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Compare 1577 edition: 1 2 Hervpon remoued they towards Barnet, a towne standing in the midwaie betwixt London and saint Albons aloft on a hill; at the end whereof towards saint Albons there is a faire plaine for two armies to meet vpon,Gladmore heath. named Gladmore heath. On the fur|ther side of which plaine towards saint Albons the earle pight his campe. King Edward on the other part, being furnished with a mightie armie (hauing ioined to that power which he brought with him cer|teine new supplies) vpon Easter euen the thirteenth of Aprill in the after noone marched foorth, hauing his said armie diuided into foure battels. He tooke with him king Henrie,The ordering of the kings armie. and came that euening vnto Bar|net, ten small miles distant from London; in which towne his foreriders finding certeine of the earle of Warwikes foreriders, beat them out, & chased them somewhat further than halfe a mile from the towne, where, by an hedge side they found readie assembled a great number of the earle of Warwiks people.

Compare 1577 edition: 1 2 The king after this comming to Barnet, would not suffer a man to remaine in the towne (that were of his host) but commanded them all to the field, and with them drew toward his enimies, and lodged with his armie more neere to them than he was a|ware of,K. Edward lodged before his enimies. by reason it was darke, so as he could not well discerne where they were incamped, fortifieng the field the best he could for feare of some sudden in|uasion. He tooke his ground not so euen afore them as he would haue doone, if he might haue discouered the place where they had lien; and by reason thereof he incamped somewhat aside slips of them, causing his people to kéepe as much silence as was possible, [least making anie noise with the busseling of their armour and weapons or otherwise with their toongs, the enimie might haue come to some knowledge of the kings priuie purpose, and so by preuention haue disappointed his policie by some prouident deuise; which bicause they wanted for the present time, it tur|ned to their disaduantage; after the old prouerbe:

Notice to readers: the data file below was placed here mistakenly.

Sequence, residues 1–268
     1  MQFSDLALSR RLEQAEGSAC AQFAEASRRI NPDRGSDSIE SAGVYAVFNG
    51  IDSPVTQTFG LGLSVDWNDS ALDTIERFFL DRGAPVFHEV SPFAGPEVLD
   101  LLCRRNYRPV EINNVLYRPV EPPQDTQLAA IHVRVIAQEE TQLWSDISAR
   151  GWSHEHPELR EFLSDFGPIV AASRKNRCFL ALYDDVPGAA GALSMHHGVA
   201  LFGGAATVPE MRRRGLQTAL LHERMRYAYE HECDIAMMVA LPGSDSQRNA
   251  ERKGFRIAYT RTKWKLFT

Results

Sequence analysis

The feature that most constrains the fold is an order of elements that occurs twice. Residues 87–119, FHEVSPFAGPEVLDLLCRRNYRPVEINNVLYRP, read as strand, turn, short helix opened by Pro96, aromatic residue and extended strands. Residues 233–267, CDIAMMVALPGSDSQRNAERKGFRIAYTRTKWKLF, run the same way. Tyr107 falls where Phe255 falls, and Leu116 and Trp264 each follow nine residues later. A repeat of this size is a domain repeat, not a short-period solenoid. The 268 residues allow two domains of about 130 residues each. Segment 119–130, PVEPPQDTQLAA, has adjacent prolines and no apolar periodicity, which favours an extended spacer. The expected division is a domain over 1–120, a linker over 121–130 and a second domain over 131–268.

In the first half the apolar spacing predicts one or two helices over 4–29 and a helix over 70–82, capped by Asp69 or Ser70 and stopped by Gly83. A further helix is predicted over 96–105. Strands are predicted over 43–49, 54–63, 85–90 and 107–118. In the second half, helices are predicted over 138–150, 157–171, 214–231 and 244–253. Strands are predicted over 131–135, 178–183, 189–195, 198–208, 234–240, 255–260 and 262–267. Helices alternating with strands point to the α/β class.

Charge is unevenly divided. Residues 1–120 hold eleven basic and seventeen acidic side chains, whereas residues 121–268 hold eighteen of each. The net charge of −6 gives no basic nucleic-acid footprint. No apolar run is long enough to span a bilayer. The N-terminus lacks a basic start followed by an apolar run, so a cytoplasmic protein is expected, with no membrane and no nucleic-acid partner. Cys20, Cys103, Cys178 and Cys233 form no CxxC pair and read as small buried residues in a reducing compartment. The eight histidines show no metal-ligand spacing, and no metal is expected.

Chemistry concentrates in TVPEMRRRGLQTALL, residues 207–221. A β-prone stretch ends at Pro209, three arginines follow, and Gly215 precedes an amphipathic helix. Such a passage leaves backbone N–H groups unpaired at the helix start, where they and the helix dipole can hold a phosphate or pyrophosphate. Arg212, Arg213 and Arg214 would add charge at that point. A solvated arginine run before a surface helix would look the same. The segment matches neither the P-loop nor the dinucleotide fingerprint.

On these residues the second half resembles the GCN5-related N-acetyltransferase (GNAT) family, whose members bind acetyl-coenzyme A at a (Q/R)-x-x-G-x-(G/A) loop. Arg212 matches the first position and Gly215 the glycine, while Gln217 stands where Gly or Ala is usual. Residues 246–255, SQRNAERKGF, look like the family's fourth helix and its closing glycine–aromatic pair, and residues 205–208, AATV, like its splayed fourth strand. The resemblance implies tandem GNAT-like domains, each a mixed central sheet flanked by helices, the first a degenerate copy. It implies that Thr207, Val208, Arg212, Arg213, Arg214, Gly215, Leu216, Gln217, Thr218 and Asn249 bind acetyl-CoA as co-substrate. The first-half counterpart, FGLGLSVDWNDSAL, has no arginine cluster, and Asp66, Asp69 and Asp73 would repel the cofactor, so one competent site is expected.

Nescit prodesse qui nescit prouidus esse.]

Compare 1577 edition: 1 Artillerie.They had great artillerie on both parts, but the earle was better furnished therewith than the king, and therefore in the night time they shot off from his campe in maner continuallie; but dooing little hurt to the kings people, still ouershooting them, by reason they laie much néerer than the earle or anie of his men did estéeme. And such silence was kept in the kings campe that no noise bewraied them where they laie. For to the end it should not be knowne to the enimies, how neere the king with his armie was lodged vnto them, the king would not suffer anie of his gunnes in all that night to be shot off,A good policie. least there|by they might haue gessed the ground, and so leuelled their artillerie to his annoiance.

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